When Advance Auto Parts (NYSE:AAP) announced its acquisition of General Parts International, investors and management alike formed high expectations of the combined businesses’ commercial and financial profile. Since then, AAP’s widely admired operational model has proved to be its Achilles Heel, as the company struggles to manage an unwieldy integration.
AAP’s customer promise is two-pronged – the company seeks to deliver best-in-class service and support, and superior product availability. In order to deliver on “getting the right parts to the right place at the right time”, AAP has historically leveraged a lean and efficient operating model. This includes (a) a supply chain designed to distribute, store and replenish a high number of SKU’s, and (b) a scale and geographic reach broad enough to offer fleet solutions and serve national accounts.
Over the last twenty years, AAP has performed very well, simultaneously expanding into the commercial market and capitalizing on strong growth in the “do-it-for-me” independent professional segment. Between 1995 and 2015, AAP added over 3,200 stores to operations. Since going public in 2001, AAP has grown nearly 1000% by market capitalization, outpacing the S&P 500 by a factor of 12. 
When AAP announced in late 2013 it planned to acquire competitor General Parts International (“GPI”) for $2.04 billion, the transaction was lauded as transformational. AAP’s stock soared by 50% in the subsequent four months . Management predicted the acquisition would yield increased operational efficiencies driving cost synergies of up to $160 million per year , coupled with a broadened ability to serve attractive key customer segments.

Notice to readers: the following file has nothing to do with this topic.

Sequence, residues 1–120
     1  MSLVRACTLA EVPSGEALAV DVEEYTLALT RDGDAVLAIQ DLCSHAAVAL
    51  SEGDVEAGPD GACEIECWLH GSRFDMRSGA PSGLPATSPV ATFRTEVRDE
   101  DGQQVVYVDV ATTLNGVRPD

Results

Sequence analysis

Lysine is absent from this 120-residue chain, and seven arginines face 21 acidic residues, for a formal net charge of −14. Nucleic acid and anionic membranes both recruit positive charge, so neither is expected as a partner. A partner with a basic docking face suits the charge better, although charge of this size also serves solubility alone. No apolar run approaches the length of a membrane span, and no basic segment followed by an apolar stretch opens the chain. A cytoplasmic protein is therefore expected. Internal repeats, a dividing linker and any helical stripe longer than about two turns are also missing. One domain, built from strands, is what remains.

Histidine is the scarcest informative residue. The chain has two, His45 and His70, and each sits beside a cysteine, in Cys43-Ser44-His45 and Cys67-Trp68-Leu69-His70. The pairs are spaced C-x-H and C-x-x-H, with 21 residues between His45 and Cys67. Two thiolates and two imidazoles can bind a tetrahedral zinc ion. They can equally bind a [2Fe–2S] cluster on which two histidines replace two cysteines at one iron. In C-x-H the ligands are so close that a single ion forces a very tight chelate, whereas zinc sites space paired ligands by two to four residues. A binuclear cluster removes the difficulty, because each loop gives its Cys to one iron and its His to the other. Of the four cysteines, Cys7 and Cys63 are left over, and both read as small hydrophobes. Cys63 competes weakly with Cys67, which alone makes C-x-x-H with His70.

Now over two years after AAP announced its acquisition of GPI, AAP’s once leading operational model is proving to be its own undoing. A myriad of integration challenges on the operations side are creating a drag on corporate performance. They include, but are not limited to:
- Following the consolidation of the two companies’ support centers, over 40% of team members are new and untrained. The support centers have yet to execute at pre-merger levels. 
- Many key capability areas within the organization, including field operations and sales support, continue to utilize two separate legacy systems (including parts catalogs, POS systems, and parts availability systems), as the company has taken longer than expected to convert to a common platform.
- Product changeovers, executed via “lift and replace alignment work” , continue to pose disruptions across multiple product lines. Symptoms in AAP’s financial statements are evident; AAP has incurred higher-than-expected inventory expenses in recent quarters. More importantly, AAP’s ability to deliver on its promise of availability has been hindered, and risk of market share loss subsists.
While it could be argued that some of the above hurdles are natural consequences of a large-scale acquisition, management’s aggressive predictions for integration and failure to foresee key obstacles have exacerbated these issues. For example, management has admitted it overestimated its ability to retain employees. Each new employee now faces an especially daunting learning curve, having to familiarize him or herself with two discrete legacy systems, postponing their ability to serve customers effectively.
Despite rocky execution, AAP’s acquisition of GPI may prove fruitful if management is able to better streamline the integration process. Recent shuffling on the executive team and Board suggest this is a strategic priority, but it has yet to be seen if AAP can resume performance at its pre-acquisition levels quickly enough to avoid a long-term loss in market share.
 Advance Auto Parts Investor Day Presentation, April 10, 2013.
 NYSE:AAP, Google Finance, Accessed December 6, 2015.
 Advance Auto Parts Investor/Analyst Conference Call Presentation, October 16, 2013.
 Q3 2015 Advance Auto Parts Inc Earnings Call Transcript, November 12, 2015.